A self-storage facility will be built at 33 Schoolhouse Road, following quick and unanimous Planning and Zoning Board (P&Z) approval on Aug. 18.

The serene tone of the public hearing was dramatically different than most meetings in 2015, which have been well attended by residents angry about various affordable housing proposals in their neighborhoods. At the Aug. 18 public hearing, there were zero residents in attendance and therefore no public comment on the proposal.

The board did spend the first half hour of the meeting in executive session to discuss a court-ordered settlement overturning the board’s denial of an 8-30g application at 86 Pond Point Avenue. The ruling regarding the plan for 23 condominiums on 2.7 acres was issued on June 29.

The board met with city attorney Jonathan Berchem and city planner David B. Sulkis to discuss the judge’s ruling. The board will continue those discussions at its Sept. 1 meeting.
Storage Facility Details
CT Self Stor filed the application for two storage facility buildings, one of which would be 51,200 square feet and the other 23,600 square feet in the Corridor Design District 3 (CDD-3), which is a commercial zone. The board approved the required special exception and site plan review.

The company has 10 facilities in Connecticut, the nearest of which is in Meriden, plus two in Massachusetts, the latter of which operates under the name Stor & Go Self Storage. The owner of the 3.5-acre property is Jordan Realty LLC, which lists James R. Beard of Milford as its member.

Attorney Thomas Lynch, who was representing Jordan Realty, said the CDD-3 zone allows a variety of commercial uses, but self-storage facilities are not mentioned as either a permitted use or a prohibited use, hence the need for a special exception.

Lynch said there would be 595 storage units, ranging in size from a closet, which the company’s website defines as five feet. deep by five feet wide to 300 square feet,, which the website lists as 10 feet by 30 feet or equivalent in size to a two-car garage.

Vehicle access would be via a single driveway off Schoolhouse Road. There would be 14 parking spaces, one of which would be designated as handicapped parking, said Lynch. He said Milford parking regulations do not specifically address self-storage facilities, but said Cromwell requires one parking space per 50 units, while Groton requires one space per 100 units.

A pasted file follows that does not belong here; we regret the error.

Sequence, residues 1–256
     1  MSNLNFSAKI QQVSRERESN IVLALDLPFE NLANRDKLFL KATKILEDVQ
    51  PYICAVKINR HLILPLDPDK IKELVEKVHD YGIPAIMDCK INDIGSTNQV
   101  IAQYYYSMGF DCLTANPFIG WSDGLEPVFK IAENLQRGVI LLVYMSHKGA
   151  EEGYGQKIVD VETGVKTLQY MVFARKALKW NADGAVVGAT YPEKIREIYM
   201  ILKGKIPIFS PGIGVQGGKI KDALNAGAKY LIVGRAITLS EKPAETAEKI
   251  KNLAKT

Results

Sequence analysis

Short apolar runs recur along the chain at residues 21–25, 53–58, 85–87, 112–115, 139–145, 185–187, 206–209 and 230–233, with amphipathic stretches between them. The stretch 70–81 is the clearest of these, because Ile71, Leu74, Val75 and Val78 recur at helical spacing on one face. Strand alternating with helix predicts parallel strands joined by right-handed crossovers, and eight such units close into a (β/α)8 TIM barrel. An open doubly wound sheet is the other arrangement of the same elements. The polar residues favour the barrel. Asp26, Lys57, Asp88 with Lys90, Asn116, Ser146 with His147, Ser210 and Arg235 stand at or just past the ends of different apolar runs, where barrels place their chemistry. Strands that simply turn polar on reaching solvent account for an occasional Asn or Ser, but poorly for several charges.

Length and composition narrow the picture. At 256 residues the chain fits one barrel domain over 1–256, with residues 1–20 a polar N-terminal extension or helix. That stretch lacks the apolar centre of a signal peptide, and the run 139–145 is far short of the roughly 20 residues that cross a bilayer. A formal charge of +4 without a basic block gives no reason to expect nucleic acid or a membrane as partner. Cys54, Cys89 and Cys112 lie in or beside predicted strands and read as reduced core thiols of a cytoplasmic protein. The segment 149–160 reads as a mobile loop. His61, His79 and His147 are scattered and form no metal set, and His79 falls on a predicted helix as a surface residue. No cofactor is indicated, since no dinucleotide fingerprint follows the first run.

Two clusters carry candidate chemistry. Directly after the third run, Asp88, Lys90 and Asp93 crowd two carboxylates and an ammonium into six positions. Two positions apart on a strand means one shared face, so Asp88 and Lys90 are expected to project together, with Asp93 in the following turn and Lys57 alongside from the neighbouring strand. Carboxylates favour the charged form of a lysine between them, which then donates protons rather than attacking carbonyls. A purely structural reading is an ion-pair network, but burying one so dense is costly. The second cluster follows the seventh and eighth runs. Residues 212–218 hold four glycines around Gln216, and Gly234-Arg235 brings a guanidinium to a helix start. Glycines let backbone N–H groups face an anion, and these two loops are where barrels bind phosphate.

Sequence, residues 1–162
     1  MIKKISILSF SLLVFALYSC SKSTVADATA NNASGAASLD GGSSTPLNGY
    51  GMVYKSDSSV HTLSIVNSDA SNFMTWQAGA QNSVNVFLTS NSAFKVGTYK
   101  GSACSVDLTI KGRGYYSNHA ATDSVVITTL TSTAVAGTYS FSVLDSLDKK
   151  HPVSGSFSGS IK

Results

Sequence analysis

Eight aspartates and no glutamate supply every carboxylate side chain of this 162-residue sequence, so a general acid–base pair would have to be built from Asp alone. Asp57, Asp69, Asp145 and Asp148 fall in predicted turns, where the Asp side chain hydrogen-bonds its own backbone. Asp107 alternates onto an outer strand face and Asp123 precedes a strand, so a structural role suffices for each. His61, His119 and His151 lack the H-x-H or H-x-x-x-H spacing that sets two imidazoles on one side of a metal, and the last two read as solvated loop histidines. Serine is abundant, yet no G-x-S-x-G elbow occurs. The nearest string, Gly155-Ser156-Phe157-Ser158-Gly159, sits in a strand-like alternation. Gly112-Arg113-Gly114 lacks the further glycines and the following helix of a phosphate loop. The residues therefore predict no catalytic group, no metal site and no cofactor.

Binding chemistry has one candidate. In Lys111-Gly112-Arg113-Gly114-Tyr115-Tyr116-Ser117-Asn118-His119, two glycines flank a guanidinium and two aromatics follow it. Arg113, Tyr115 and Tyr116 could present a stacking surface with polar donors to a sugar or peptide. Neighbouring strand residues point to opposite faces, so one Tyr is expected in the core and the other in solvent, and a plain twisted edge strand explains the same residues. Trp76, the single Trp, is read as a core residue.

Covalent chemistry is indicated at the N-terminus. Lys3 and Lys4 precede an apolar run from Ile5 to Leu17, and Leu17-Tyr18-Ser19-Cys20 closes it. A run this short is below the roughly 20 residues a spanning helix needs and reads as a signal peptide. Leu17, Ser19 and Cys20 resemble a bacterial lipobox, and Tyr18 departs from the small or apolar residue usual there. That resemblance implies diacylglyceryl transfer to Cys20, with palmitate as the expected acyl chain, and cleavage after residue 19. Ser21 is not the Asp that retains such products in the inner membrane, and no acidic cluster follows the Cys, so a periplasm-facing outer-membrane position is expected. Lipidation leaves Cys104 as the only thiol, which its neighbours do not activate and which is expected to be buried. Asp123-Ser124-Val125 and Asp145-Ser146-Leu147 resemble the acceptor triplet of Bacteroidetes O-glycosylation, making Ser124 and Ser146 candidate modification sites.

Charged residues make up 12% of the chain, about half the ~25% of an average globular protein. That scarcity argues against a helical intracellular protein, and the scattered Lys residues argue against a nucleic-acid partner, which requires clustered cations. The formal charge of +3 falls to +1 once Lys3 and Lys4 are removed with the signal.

“I think it will be good for the area because it will generate a very low level of traffic,” said Lynch.

The self-storage proposal was introduced at the board’s July 21 meeting, but was delayed a month so the applicant could revise the plans to address recommendations from Sulkis.

Lynch said a five-foot wide landscaping buffer would be added in front of the large building. Also, the rear façade facing the railroad tracks would be changed from the original design of a plain wall to one with windows, matching the appearance of the other three walls. The applicant also agreed to recommendations from the Milford Tree Commission for the property.

Project Engineer James Sakonchick said the project would include a sidewalk from the adjacent CVS property extending across the company’s property to the railroad bridge. He said the buildings would be climate-controlled with elevators.

At the request of the fire department, the buildings will include sprinklers, which Sakonchick said is not required by the fire code. He said he worked with the fire department to insure that its vehicles had adequate turning radii around the buildings. He said the existing single-family house would be removed.

Sakonchick said, “A substantial portion of the site is left green,” including a large detention pond to collect and treat stormwater runoff from the buildings and parking lot.

The project received unanimous Inland-Wetlands Agency approval at its April 1 meeting. The project required IWA review because the proposed detention pond is within 150 feet of the upland review area for the Beaver Brook watershed. The IWA imposed conditions, including requiring signs by the pond to prohibit placement of snow in that area. Also, the applicant has to submit an invasive plant species inspection and removal plan.

J.R. Clisham told the board that his father Ron started the company in 1988 and he joined in 2000. J.R. Clisham said the company’s philosophy is to offer clean and convenient facilities with friendly staff.

J.R. Clisham said the facility would have two full-time staff members, who will be there Monday to Saturday, 9 a.m. to 6 p.m. He said customers have gate access from 6 a.m. to 9 p.m. or 10 p.m., depending on the location, with 24-hour access available based on special request.

Ron Clisham told the board, “We don’t have anyone else running our places except ourselves.”

Commenting on the company’s expansion, J.R. Clisham said, “There is a demand out there and we are building toward that demand.”

In other business, Lynch is also represented Beach Village LLC, which is seeking an amendment to a special permit and site plan review to approve converting two mixed use buildings to two four-unit residential buildings, Buildings A and D.

The hearing was continued to the board’s Sept. 1 meeting. Lynch said a portion of the property is located within the coastal management zone and requires state review of the proposal.

Explaining the reason for the application, Lynch said, “Banks will not lend money on commercial condominiums. There is no market for them.”